Summary: Illyria attempts to unravel the mystery of Wesley's wanderings.
Spoilers: Post-"Not Fade Away," AU (Jossed by Angel: After the Fall)
Title, Author, and URL of original story: "A Man With No Name" by semby
Lately Illyria thought of herself as a woman, if only in small ways: pronouns, mannerisms, the clothes she wore when she took on the shell's shape. God-king was a thing of the past, when she had cared about worship.
No; that wasn't entirely true. She still craved one man's regard. It was a vexation. But the past year had been all too full of vexations, time enough to become accustomed to the universe defying her.
She had been following Wesley for a long time. He had made himself into a shadow in the world's eaves, like the creatures he hunted, going wherever the trail took him. Once, his hunting-grounds had intersected that of a slayer and her watcher. The slayer's instincts had not been very good. The girl had failed to track the demon, failed to notice Wesley--who had to lure the demon to her--and failed to notice Illyria herself.
Illyria did not expect the slayer to last long, even with the aid of her watcher. But then, that was hardly her concern. There were always more of them.
There was only one of Wesley.
In any case, Wesley had pelted after the demon and whisked its prey out of the way, then lured the demon in the slayer's direction. The slayer, who at least had the fighting prowess of her kind, did the rest.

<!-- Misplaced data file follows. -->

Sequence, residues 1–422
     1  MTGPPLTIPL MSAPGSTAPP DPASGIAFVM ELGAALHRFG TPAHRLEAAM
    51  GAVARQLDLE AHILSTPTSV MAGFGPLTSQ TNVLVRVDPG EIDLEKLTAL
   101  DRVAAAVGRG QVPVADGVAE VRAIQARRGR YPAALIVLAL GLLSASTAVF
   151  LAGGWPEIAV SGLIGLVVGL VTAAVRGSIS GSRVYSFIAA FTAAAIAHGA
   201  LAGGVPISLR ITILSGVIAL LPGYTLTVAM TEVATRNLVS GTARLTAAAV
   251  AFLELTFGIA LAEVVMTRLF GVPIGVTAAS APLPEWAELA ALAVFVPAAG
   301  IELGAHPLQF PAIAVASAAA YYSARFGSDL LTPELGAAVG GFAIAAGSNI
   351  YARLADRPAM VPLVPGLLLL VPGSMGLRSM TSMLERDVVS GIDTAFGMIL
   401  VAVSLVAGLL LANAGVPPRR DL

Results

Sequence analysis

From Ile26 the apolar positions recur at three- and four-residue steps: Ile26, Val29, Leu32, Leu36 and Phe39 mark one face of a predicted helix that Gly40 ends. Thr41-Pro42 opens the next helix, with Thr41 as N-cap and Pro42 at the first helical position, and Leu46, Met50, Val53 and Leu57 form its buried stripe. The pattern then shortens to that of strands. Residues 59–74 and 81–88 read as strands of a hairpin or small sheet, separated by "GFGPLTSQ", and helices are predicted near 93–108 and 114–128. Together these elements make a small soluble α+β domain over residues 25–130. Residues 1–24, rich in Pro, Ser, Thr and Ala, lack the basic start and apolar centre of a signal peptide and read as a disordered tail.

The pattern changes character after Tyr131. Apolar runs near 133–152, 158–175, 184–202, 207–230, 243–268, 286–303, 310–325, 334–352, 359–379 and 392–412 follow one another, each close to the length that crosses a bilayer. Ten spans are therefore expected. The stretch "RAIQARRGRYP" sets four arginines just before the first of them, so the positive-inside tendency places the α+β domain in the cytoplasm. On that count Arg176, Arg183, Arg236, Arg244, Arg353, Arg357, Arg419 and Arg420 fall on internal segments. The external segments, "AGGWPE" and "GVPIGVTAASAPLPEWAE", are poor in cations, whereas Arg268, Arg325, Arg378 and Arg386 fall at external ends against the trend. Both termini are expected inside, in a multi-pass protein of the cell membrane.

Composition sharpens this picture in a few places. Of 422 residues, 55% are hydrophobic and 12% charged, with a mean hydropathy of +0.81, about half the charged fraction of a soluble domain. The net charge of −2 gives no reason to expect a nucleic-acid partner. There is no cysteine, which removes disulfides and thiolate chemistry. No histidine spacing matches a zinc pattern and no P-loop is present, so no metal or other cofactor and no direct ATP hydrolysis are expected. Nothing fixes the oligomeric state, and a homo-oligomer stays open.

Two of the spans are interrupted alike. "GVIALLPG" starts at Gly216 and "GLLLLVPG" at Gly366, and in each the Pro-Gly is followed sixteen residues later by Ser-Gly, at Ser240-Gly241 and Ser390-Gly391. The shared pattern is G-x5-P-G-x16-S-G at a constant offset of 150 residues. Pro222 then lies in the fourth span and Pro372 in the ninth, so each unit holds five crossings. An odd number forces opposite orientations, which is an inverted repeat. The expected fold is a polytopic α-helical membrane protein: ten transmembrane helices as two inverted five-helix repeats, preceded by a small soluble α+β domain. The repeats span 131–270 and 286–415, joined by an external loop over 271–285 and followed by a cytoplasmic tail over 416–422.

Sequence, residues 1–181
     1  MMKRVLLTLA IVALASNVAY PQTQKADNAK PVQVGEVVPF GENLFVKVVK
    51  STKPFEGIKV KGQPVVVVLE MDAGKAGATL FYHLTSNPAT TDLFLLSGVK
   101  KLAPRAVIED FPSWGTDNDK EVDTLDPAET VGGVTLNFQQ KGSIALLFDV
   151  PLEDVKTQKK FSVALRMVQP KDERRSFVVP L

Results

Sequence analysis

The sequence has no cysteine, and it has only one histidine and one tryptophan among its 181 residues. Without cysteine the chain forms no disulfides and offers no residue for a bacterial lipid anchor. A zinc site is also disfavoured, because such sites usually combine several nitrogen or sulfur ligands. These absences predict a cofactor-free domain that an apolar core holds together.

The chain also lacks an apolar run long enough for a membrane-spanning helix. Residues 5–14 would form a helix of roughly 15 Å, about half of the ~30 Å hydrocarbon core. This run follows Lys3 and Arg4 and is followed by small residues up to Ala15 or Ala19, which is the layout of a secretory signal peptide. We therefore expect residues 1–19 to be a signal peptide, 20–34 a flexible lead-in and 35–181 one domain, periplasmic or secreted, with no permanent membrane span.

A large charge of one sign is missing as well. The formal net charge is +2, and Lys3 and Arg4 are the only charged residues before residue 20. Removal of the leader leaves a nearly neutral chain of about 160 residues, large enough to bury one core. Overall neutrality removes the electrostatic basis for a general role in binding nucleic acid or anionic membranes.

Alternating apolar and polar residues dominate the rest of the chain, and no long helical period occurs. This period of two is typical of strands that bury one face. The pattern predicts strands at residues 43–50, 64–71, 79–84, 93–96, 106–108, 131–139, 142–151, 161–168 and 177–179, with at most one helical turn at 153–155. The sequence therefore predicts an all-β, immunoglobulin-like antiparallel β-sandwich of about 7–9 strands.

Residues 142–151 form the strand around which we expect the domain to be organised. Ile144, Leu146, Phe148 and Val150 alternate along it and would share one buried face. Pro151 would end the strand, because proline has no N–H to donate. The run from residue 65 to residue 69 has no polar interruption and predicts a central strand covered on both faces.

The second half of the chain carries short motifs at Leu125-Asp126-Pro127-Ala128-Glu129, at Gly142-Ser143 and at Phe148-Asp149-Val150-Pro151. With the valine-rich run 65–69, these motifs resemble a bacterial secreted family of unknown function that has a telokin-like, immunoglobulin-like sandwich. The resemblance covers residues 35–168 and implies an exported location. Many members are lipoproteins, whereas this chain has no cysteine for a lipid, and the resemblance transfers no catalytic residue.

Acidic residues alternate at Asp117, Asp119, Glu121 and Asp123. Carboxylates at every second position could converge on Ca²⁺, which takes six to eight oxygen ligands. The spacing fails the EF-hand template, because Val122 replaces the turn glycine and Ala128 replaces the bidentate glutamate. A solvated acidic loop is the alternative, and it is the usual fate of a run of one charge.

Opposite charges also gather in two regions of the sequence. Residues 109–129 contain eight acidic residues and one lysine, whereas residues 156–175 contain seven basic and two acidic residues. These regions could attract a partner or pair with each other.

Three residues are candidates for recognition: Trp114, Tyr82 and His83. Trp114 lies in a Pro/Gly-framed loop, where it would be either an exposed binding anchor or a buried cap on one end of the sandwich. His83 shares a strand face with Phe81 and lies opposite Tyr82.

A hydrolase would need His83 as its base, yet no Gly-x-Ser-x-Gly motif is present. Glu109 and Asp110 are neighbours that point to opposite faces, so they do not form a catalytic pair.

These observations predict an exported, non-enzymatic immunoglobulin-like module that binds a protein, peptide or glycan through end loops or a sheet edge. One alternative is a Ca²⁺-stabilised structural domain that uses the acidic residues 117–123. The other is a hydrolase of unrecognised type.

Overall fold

It irked her that he did this for the sake of strangers without giving his name or acknowledging their words. True, he was not entirely impractical. She had seen him accept gifts of half-wrapped sandwiches with bites taken out of them, or crumpled bills and clinking change, or new if ill-fitting socks, whatever they had in their hands or their pockets. But he feigned ignorance of their language--this from a man accustomed to the decipherment of tongues that human thought should never be clothed in--and stalked away, avoiding their entreaties.
Illyria contented herself with following, with being a shadow's shadow under the eyes of night. Wesley would have laughed bitterly to hear her say it, but she had learned certain things from the shell, certain modes of thought. Everything that moved in the universe was subject to a pattern, some equation of motion. Humans were by no means exempt. And whatever else he had made of himself in this dire questing after duty, Wesley was human. Studied long enough, he would yield his secrets, like an insect or crystal beneath a lens.
For all that she had found a single pattern to his wanderings--random walk, as though the world were his lattice--she was nonetheless taken aback when he returned to England. At first she was certain that he had finally detected her presence and intended to misdirect her. But no: he continued his routine, seeking the telltale signs of demons, ritualized murders and strange chants and footprints that fit no natural creature.
There is power that comes with knowing your enemy's name. Despite his faults, past or present, Wesley was never unprepared for the things he faced, divorced from his tomes though he might be. As for the demons that faced him, not all of them were brute creatures, incapable of recognizing that a particularly efficient form of death stalked them. They made the mistake, however, of assuming that Wesley Wyndham-Pryce was a known quantity, something changeless.